Bed Bug Sniffing Dogs Are Causing False Alarms

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The New York Times reports a possible major bug in canine pest detection services:

[A]s the number of reported [bedbug] infestations rises and the demand for the dogs soars, complaints from people who say dogs have falsely alerted to bedbugs that were not there are also climbing. And within the bedbug industry, where some dog trainers and sellers are backordered until next spring despite the dogs' $11,000 price tag, there are fears that a rise in so called "false positives" by dogs will harm their credibility and business.

"Many pest control companies have the same frustration," said Michael F. Potter, an entomology professor at the University of Kentucky, "That they often follow behind dogs that are indicating bedbugs, and they can't find anything."

At least one trainer skeptical of the services, the article concludes,

is pushing for scent detection dogs to be certified through an independent oversight board, the National Entomology Scent Detection Canine Association. But there is factionalism and fighting within the industry, said Philip G. Koehler, an entomologist at the University of Florida, over which association should certify the dogs, if any.

The apparently unwarranted alarms aren't surprising. Dogs aren't four-legged scientific instruments. They have a deep and complex relationships with owners and handlers. They're so beloved because they value our love so much. Some scents might be from hidden bedbugs, others from neighboring apartments or from residues of previous infestation. But sometimes the animals might just hate to disappoint handlers with too long a slump. So certification is probably not as important as improved training methods. Eagerness to please isn't unique to bedbug detection; it has been an issue in forensics, too, virtually from the beginning of the use of canine evidence in Germany in the 1920s, when some German Shepherd tracking dogs misidentified innocent suspects. Whether burglars or bedbugs, the principles are similar.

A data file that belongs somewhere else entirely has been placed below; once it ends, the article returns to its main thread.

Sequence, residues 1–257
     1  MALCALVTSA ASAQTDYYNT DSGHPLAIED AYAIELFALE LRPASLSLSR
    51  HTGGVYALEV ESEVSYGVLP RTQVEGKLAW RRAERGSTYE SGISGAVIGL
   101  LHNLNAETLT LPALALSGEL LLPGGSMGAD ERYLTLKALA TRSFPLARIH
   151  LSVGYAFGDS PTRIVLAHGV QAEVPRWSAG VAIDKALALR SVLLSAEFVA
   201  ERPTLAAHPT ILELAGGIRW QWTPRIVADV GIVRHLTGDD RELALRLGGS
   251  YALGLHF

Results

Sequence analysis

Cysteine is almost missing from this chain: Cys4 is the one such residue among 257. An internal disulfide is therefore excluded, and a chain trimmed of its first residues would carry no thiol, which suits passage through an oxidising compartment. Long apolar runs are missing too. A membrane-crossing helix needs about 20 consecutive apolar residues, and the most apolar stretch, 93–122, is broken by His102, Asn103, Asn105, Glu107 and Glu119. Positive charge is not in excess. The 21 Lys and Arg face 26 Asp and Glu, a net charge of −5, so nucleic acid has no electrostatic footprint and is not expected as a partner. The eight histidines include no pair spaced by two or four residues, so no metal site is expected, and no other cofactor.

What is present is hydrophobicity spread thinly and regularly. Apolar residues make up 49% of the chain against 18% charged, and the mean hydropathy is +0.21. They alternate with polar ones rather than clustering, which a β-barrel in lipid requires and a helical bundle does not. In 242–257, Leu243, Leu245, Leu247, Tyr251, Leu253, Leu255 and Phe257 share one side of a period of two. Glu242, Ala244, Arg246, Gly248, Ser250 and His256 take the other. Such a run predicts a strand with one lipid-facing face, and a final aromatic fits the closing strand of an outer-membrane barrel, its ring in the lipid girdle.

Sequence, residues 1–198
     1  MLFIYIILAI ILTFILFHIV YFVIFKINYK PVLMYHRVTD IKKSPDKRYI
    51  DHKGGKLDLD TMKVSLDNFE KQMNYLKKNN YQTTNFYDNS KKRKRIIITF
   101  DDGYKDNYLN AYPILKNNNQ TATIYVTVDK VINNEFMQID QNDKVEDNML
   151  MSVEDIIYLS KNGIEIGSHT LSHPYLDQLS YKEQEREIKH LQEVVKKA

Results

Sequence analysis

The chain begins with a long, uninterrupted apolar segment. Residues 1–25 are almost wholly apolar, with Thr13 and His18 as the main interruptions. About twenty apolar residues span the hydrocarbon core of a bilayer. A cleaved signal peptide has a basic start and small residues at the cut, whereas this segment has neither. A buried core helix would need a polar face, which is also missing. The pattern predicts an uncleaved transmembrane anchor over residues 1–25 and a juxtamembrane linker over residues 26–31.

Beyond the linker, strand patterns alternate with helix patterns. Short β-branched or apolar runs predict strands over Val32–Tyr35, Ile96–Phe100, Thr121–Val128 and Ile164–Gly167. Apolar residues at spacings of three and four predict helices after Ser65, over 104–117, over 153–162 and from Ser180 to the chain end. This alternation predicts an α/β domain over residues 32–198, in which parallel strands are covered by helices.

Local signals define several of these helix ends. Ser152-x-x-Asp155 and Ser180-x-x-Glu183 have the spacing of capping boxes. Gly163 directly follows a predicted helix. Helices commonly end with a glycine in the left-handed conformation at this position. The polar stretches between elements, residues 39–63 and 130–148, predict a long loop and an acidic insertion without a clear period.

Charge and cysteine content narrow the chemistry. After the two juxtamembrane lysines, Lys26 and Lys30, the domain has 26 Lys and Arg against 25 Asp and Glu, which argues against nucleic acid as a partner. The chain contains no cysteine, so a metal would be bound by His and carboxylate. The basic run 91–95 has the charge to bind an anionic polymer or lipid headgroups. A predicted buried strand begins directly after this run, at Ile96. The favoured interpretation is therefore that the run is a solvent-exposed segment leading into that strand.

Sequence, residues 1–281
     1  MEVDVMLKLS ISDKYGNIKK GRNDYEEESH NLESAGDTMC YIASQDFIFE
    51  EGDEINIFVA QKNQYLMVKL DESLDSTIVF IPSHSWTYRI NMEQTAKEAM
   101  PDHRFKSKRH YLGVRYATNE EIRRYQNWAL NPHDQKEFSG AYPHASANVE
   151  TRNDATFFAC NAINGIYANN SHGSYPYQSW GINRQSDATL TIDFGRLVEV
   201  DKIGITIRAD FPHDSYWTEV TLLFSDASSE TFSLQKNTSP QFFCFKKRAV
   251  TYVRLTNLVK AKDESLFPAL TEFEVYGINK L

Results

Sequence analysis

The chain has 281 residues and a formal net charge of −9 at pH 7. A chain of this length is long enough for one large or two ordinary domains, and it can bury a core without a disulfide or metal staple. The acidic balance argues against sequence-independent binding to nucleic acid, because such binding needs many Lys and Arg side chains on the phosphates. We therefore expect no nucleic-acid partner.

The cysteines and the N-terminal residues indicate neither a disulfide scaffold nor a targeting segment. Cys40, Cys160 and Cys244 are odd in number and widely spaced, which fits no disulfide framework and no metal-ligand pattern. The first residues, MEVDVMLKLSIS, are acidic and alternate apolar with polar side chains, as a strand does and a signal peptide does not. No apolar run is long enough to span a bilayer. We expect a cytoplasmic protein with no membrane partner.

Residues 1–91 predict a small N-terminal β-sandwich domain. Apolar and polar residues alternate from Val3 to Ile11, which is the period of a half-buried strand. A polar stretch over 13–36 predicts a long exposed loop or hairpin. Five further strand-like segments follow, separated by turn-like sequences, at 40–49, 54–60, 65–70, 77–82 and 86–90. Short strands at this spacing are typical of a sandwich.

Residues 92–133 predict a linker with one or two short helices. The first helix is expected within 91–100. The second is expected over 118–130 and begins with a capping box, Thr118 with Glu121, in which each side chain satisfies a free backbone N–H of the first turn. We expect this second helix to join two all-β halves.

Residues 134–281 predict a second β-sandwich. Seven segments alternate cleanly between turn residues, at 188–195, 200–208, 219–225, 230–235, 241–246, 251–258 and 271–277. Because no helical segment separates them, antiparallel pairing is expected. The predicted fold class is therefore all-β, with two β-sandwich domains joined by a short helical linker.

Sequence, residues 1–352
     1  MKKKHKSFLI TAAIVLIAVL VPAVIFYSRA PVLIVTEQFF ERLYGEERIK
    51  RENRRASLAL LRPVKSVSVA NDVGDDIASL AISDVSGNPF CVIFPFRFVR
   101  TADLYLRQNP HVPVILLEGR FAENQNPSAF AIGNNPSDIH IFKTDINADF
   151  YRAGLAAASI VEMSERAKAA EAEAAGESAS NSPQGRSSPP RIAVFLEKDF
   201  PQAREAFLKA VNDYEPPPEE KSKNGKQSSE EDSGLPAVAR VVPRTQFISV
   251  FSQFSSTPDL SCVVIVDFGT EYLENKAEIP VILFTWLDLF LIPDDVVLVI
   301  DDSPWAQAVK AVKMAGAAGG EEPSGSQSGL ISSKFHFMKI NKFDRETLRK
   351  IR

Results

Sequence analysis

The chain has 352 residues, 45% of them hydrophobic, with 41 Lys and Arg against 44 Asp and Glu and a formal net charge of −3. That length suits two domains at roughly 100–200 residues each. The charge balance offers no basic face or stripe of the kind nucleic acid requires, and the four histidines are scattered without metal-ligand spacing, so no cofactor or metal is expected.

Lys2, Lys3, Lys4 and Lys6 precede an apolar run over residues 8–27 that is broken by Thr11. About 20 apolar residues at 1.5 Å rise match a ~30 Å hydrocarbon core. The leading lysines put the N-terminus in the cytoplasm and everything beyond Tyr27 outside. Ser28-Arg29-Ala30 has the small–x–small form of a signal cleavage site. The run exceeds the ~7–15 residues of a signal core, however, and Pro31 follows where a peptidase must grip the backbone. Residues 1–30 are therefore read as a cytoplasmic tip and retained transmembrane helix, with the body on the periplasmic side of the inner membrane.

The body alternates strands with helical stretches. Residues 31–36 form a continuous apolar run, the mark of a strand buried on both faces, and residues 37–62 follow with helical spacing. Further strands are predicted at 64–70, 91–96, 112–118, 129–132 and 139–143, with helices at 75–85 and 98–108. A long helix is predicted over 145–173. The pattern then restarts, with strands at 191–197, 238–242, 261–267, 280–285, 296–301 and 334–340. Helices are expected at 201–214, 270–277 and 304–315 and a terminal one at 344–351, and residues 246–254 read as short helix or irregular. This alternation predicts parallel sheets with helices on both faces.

One mystery: What are "highly attenuated dogs" If the dictionary definition applies, this is a case not for the Dog Whisperer but for the Humane Society.

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Edward Tenner is a historian of technology and culture. He was a founding advisor of Smithsonian's Lemelson Center and holds a Ph.D in European history. More

Edward Tenner is an independent writer and speaker on the history of technology and the unintended consequences of innovation. He holds a Ph.D. in European history from the University of Chicago and was executive editor for physical science and history at Princeton University Press. A former member of the Harvard Society of Fellows and John Simon Guggenheim fellow, he has been a visiting lecturer at Princeton and has held visiting research positions at the Institute for Advanced Study, Woodrow Wilson International Center for Scholars, and the Princeton Center for Information Technology Policy. He is now an affiliate of the Center for Arts and Cultural Policy of Princeton's Woodrow Wilson School. He was a founding advisor of Smithsonian's Lemelson Center, where he remains a senior research associate.

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